“It was imperative that we kept the lid on our intentions for next season," said Brendan O’Leary, Chairman of the Bray Wheelers. "It is a big undertaking and will need quite a substantial amount of sponsorship. Fortunately we have in house expertise, which will soothe the path to a successful promotion next season. A select group will be in place next week and it will be their responsibility to work on behalf of the club,” he said.
At least five international teams will line-up for this plump promotion, which will add a lot of spice to the calendar for next year. The event will incorporate the Shay Elliott which has been organised by the Bray members for many a long year. Also a number of their members have been involved with promotions virtually in every corner of the globe.
Olympic Gold Medallist in the 1,000 metre time trial, Jason Queally, is attempting to become the 'fastest man on earth', at least as far as his own two legs allow. Queally wants to break the Human Powered Vehicle (HPV) world land speed record, which currently stands at 117.2 km/h (72.7 mph), set by Canadian Sam Whittingham in Nevada last year. He will aim to top 120 km/h, when the HPV 'World's' are held at Battle Mountain in Nevada, USA between October 1-6.
His machine is called the Blueyonder Challenger and reported to be worth $US144,000, combining bicycle and Formula 1 technology.
Jean-Cyril Robin will be one of two riders leaving Bonjour at the end of this season (the other is Frédéric Gabriel), but it seems as though he has found a new team in Cofidis, directed by Alain Bondue.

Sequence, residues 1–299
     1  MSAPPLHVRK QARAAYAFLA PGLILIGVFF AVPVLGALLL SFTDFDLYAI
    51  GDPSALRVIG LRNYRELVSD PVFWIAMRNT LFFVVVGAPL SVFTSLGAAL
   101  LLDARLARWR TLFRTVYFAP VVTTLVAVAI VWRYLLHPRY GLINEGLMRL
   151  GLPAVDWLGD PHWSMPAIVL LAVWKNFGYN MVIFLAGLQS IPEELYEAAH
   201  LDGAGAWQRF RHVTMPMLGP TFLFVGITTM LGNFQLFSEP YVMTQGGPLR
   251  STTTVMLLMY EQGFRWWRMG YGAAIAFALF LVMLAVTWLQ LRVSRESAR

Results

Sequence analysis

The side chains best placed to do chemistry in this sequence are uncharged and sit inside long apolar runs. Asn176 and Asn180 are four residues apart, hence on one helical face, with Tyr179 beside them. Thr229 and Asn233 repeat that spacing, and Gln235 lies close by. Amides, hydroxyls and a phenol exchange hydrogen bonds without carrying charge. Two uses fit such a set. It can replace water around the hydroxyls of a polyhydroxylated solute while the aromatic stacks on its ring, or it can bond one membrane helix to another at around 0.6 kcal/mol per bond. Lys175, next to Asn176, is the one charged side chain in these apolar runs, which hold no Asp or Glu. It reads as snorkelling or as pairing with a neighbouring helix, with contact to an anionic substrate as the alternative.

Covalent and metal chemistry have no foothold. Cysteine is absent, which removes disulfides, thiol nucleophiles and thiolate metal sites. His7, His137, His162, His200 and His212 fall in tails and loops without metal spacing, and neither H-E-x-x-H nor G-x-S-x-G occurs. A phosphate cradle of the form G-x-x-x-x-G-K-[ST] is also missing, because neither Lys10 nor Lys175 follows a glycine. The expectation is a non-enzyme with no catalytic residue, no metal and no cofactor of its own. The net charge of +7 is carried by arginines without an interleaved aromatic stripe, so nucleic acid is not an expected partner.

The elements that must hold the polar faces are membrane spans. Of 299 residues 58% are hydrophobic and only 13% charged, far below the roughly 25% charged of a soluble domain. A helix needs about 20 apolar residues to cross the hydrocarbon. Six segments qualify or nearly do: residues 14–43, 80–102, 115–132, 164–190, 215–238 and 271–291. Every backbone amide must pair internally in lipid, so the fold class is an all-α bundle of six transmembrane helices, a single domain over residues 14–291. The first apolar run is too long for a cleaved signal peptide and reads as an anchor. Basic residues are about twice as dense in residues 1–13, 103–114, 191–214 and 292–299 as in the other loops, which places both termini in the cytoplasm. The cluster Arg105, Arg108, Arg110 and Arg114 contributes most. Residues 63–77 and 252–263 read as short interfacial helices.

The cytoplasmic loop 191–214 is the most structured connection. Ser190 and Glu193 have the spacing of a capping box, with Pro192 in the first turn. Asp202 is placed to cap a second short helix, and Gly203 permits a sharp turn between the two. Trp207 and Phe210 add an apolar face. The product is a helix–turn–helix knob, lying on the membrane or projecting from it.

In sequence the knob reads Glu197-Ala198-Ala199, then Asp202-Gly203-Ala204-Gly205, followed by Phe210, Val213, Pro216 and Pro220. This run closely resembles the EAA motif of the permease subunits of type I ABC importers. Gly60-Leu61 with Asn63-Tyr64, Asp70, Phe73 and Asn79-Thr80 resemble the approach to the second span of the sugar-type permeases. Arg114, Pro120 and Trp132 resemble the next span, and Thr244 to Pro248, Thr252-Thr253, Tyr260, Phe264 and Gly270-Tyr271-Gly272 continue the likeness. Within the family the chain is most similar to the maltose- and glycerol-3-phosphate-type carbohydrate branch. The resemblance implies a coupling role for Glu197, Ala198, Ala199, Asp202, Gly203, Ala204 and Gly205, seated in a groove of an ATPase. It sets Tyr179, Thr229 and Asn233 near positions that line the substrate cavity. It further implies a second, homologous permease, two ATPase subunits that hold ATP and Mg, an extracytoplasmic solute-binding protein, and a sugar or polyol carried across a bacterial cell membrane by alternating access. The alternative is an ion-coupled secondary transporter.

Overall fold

Yesterday afternoon there was a meeting between Alessio's team director Bruno Cenghialta; the owners of the Alessio Company, Celeste Alessio and Andrea Alessio; Mercatone Uno rider Daniele De Paoli and his representative Alex Carera in order to formalise De Paoli's transfer. The rider has signed for 1 year with Alessio.
Also, De Paoli's friend and teammate Oscar Mason will leave Mercatone Uno for Mapei-Quick Step, where he will be reunited with Stefano Garzelli.
Ukrainian Vladimir Douma has decided to extend through 2002 his contract with Panaria-Fiordo. "I want to repay Bruno Reverberi's confidence in me with at least 2 victories, and I hope that I can gain those in the Vuelta España," said Douma.
Massimo Giunti has signed for another two years with Vincenzo Santoni and Palmiro Masciarelli's Cantina Tollo-Acqua & Sapone team.
Andrea Peron (Fassa Bortolo) will leave the team for Bjarne Riis' CSC-Tiscali squad, with the signature being made today.
Finally, Saeco manager Claudio Corti met with ex-Italian champion Salvatore Commesso in order to extend his contract for next season.
The Danish cycling federation has announced its 13 member preliminary team to compete in the World Championships in Lisbon next month. Only eight are allowed to race in the road race, with two in the time trial.